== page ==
In April, 18-year-old Sophoth illegally crossed the Thai-Cambodian border to work at a factory. In July, he was arrested and sent back through a legal border checkpoint. His journey mirrors that of many Cambodian workers who continue to cross into Thailand each month despite the coronavirus-related border closures, in the hopes of earning a living wage.
“The reason I went to Thailand was because of a livelihood problem and lack of jobs in Cambodia,” Sophoth said.
Undocumented migration has long been a challenge for the two countries, but the issue has taken on heightened importance amid the pandemic. As Cambodia and Thailand struggle to keep the coronavirus in check, migrant workers say they have little choice but to cross the border — whether or not it remains closed.
Land borders between both countries have been closed since March 2020, though there is little sign of a slowdown in illegal crossings. Meanwhile, as Thailand enters its latest series of lockdowns, hundreds of migrant workers have been crossing back into Cambodia, raising fear for increased coronavirus transmission despite the government’s quarantine center requirements.
While precise figures are hard to come by, Chou Bun Eng, vice-chairwoman of the National Committee for Counter Trafficking, said that unlawful border crossings have increased significantly compared to the same period last year.
She said that authorities recorded 198 cases in the first six months of 2021 compared with 63 cases during the same period of time last year. Of those, 126 cases involve unlawful transportation across the border to Thailand. In total, authorities arrested 231 people.
“As we know, the Cambodia border does not have only a few crossing points,” Bun Eng said. She noted that the 500-mile-long border has numerous points at which brokers can smuggle people across.
Sophoth said he paid a broker 4,500 baht, or about $137, to bring him into Thailand. With so much money at stake, said Bun Eng, it is difficult to keep illegal crossings under control.
“It is their job [smuggling] that why we are still concerned that our citizens have ignored to pay attention to protecting their lives against human trafficking as well as protecting against COVID-19 transmission.”
Another migrant worker, Dina, 35, returned from Thailand last week “when the Thai authorities caught and sent me back to Cambodia,” he said. He is now staying at a quarantine center near the border for 14 days.
Thailand has seen a massive spike in cases over the past month, and has rolled out lockdowns in 13 provinces. On July 21, the country reported a record 13,002 cases and 108 deaths. Dina said his construction site was closed down last week to prevent the spread of COVID-19 but he had hoped to stay and find other work.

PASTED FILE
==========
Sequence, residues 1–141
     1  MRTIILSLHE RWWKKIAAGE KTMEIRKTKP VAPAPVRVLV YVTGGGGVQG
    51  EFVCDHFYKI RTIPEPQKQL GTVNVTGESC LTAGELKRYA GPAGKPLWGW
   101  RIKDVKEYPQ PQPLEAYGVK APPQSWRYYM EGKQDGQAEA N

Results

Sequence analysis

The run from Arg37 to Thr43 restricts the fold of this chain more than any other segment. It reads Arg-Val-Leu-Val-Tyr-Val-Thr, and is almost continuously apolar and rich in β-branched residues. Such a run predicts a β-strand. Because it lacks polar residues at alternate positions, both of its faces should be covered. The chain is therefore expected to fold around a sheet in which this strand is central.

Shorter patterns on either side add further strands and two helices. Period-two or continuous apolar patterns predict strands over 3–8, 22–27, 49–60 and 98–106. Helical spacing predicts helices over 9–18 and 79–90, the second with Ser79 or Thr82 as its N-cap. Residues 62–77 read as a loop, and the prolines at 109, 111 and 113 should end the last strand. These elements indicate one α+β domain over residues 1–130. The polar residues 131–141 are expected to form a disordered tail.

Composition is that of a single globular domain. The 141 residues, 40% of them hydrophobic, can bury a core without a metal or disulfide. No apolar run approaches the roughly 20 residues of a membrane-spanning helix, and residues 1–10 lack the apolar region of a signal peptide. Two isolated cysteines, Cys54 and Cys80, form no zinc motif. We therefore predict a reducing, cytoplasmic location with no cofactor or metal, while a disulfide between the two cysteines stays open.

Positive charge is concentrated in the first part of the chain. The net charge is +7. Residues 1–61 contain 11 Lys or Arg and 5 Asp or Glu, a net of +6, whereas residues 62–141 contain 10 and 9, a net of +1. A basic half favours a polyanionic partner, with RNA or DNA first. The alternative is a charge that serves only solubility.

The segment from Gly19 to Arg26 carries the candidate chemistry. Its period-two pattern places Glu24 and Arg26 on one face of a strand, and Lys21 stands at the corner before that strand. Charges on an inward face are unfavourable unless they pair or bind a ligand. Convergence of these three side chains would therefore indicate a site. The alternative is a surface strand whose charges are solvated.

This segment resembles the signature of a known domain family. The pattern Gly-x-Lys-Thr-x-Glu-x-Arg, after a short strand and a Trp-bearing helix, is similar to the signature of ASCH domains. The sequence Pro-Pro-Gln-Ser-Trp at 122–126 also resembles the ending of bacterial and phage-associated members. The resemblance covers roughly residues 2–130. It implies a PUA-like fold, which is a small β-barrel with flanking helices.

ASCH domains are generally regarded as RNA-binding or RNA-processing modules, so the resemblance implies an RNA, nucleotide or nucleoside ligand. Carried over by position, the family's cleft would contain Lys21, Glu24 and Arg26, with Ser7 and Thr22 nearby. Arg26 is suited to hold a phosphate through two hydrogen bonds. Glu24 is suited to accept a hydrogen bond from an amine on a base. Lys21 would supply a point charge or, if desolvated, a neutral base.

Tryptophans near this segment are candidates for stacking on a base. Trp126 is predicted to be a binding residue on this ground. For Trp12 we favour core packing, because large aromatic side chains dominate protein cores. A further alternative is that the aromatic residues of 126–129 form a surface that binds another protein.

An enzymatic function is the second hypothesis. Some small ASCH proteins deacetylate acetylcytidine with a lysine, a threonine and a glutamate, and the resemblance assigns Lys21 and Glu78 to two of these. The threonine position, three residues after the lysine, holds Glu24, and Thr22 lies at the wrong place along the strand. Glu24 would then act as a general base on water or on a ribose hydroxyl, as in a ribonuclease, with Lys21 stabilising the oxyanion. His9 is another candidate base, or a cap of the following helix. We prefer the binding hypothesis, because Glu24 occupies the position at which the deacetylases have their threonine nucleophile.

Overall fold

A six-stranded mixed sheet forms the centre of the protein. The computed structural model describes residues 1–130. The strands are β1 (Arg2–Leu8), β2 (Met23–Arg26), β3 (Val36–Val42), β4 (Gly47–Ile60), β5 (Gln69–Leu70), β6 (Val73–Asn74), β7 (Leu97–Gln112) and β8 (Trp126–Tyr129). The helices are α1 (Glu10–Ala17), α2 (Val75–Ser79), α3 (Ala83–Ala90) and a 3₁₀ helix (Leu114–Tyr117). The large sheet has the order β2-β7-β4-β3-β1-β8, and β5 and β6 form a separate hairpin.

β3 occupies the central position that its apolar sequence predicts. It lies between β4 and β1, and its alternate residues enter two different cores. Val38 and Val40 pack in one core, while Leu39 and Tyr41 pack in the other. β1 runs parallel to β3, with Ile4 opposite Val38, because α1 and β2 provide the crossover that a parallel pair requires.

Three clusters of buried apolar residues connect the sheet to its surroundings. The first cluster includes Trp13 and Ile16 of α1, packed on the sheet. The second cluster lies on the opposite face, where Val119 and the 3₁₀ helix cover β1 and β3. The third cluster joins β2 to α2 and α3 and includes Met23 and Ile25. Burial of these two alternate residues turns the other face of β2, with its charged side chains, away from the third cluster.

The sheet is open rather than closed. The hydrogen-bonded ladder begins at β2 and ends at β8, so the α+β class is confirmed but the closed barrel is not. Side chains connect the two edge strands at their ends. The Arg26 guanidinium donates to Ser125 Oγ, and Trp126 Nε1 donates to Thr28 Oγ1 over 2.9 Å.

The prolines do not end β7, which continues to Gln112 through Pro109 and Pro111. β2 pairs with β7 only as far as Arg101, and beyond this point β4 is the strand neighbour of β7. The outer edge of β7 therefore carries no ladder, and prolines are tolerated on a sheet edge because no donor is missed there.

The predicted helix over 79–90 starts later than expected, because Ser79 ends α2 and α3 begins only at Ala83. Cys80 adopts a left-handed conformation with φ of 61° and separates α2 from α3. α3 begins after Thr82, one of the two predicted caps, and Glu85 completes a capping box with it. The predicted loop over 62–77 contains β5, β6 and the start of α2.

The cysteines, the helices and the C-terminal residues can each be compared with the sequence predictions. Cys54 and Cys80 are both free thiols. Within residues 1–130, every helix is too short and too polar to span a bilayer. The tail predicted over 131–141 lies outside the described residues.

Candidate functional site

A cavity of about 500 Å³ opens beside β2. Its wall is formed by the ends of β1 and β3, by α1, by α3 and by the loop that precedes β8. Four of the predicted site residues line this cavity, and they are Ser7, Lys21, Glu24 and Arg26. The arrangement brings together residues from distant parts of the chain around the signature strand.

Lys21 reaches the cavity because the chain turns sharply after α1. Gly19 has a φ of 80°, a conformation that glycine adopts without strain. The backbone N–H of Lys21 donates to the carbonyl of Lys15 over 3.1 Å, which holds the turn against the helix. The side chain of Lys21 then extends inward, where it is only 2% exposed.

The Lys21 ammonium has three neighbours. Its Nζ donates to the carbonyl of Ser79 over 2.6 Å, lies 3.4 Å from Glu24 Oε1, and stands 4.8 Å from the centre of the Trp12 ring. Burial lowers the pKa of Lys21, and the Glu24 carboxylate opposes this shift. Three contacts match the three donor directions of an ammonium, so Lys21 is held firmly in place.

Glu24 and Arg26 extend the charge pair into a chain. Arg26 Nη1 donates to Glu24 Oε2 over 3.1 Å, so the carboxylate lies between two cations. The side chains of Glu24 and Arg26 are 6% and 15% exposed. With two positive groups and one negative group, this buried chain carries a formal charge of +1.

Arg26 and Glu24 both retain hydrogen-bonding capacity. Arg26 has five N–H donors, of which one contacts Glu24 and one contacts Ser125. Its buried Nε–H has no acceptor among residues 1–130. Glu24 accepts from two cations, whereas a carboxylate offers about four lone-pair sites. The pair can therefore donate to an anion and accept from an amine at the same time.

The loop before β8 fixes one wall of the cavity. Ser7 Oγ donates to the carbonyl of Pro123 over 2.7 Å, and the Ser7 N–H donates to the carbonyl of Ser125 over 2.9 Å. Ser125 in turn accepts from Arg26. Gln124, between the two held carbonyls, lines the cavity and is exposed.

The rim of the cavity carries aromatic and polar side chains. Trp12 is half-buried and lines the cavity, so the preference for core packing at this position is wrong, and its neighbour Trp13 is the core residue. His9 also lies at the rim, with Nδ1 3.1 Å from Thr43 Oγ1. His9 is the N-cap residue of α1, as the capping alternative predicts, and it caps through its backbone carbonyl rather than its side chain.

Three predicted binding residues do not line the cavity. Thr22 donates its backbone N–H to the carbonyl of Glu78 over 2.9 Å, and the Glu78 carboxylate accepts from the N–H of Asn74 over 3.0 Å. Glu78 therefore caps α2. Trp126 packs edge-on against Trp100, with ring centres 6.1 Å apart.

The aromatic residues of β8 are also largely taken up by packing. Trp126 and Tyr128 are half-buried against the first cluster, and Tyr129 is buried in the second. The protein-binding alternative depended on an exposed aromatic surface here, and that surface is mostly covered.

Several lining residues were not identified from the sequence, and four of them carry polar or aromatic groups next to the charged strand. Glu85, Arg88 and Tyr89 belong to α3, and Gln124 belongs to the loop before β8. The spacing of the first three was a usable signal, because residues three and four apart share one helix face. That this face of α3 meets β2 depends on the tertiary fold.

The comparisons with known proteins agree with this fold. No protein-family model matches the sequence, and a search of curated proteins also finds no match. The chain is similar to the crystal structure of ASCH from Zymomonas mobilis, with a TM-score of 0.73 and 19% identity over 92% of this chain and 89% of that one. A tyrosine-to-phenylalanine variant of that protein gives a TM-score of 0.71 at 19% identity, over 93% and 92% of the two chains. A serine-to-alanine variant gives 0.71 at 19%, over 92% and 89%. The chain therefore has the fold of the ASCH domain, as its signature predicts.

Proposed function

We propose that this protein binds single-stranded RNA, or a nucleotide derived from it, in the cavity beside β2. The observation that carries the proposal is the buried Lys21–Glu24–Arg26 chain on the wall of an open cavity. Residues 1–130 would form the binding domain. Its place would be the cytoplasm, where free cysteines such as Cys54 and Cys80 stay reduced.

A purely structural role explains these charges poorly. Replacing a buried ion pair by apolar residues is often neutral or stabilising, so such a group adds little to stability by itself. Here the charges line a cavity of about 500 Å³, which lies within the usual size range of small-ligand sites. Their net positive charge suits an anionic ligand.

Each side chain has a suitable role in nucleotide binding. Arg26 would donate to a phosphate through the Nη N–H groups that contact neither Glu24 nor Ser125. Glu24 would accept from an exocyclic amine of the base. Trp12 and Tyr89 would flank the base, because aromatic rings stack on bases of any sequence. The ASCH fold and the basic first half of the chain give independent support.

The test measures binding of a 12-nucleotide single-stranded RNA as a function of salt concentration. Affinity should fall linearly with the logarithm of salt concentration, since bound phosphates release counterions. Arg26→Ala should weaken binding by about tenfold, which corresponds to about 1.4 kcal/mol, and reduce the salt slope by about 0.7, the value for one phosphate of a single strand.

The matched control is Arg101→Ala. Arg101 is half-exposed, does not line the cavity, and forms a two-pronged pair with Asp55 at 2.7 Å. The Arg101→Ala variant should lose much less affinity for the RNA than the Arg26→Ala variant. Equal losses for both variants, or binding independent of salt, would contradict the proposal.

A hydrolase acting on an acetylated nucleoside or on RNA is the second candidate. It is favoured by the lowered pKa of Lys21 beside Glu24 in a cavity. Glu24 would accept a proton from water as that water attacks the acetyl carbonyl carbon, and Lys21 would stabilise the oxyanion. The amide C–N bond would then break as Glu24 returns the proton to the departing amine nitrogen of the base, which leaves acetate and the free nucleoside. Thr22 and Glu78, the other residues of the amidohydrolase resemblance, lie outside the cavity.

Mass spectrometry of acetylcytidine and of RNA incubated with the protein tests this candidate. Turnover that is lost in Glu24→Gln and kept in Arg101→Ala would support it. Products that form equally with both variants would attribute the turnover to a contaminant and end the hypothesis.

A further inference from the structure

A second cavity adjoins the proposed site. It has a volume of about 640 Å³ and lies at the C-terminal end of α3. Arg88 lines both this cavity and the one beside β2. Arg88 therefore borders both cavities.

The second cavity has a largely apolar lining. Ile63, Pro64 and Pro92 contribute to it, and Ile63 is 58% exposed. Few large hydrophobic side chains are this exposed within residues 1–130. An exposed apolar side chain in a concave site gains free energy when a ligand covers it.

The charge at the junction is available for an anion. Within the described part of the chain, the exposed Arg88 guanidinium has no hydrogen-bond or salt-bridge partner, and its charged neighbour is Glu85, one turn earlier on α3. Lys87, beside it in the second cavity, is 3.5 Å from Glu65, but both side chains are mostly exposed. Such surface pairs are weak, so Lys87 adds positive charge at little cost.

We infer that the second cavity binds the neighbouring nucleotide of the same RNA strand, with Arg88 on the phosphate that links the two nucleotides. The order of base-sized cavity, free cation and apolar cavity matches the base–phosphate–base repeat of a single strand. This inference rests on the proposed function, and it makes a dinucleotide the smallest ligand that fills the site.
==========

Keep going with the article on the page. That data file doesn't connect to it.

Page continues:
“I am afraid [of the virus] but if I return there is no food to eat in the village and it is hard work to be able to pay the bank debt,” he said.
He first moved to Thailand in 2019, taking a legal route at that time.
“In my country, we don’t have much work to do,” he said. He said he earned about 450 baht per day, or $13, in Thailand.
Hour Dararith, chief of the O’Smach checkpoint in Oddar Meanchey province, said that while official checkpoints like his remain closed except for the transporting of goods, smugglers know routes through the massive border forest.
“There is no unlawful transporting through my O’Smach checkpoint,” he said, adding that increasing numbers of migrant workers have been returning from Thailand daily due to the latest outbreak and the attendant job loss.
Earlier this month, the U.S Department of State put Cambodia on its Tier 2 watchlist in its Trafficking in Persons report, saying the Cambodian government does not full meet the “minimum standard” for the elimination of human trafficking due in part to “endemic corruption.”
Weak enforcement, a desperate population, and corruption has made it impossible to keep the border sealed, said Dy Thehoya, a program officer at the Center for Alliance of Labor and Human Rights.
“There is still a collusion between officials and smugglers as systematic,” he said.
“There are many reasons” why migrants leave, he continued. “First, people have no choice in earning an income. There are less jobs [in Cambodia], and they have to pay off bank debt, and if they have cultivated agricultural crops there is no market for selling.”
Soum Chankea, Banteay Meanchey provincial coordinator at rights group Adhoc, expressed concern about Cambodia’s ability to contain the spread of COVID-19, as hundreds of migrant workers have been sent back home recently amid the lockdowns.
“First, they were arrested, after entering the territory illegally. Then they were sent back to Cambodia,” he said.
“We are worried about returning migrant workers because 90 percent of them have tested positive for COVID-19,” Chankea said.
Still, he said he doubted workers would stop migrating. In spite of the dangers, said Chankea, Cambodians “have begged brokers to bring them to Thailand,” desperate for paying jobs.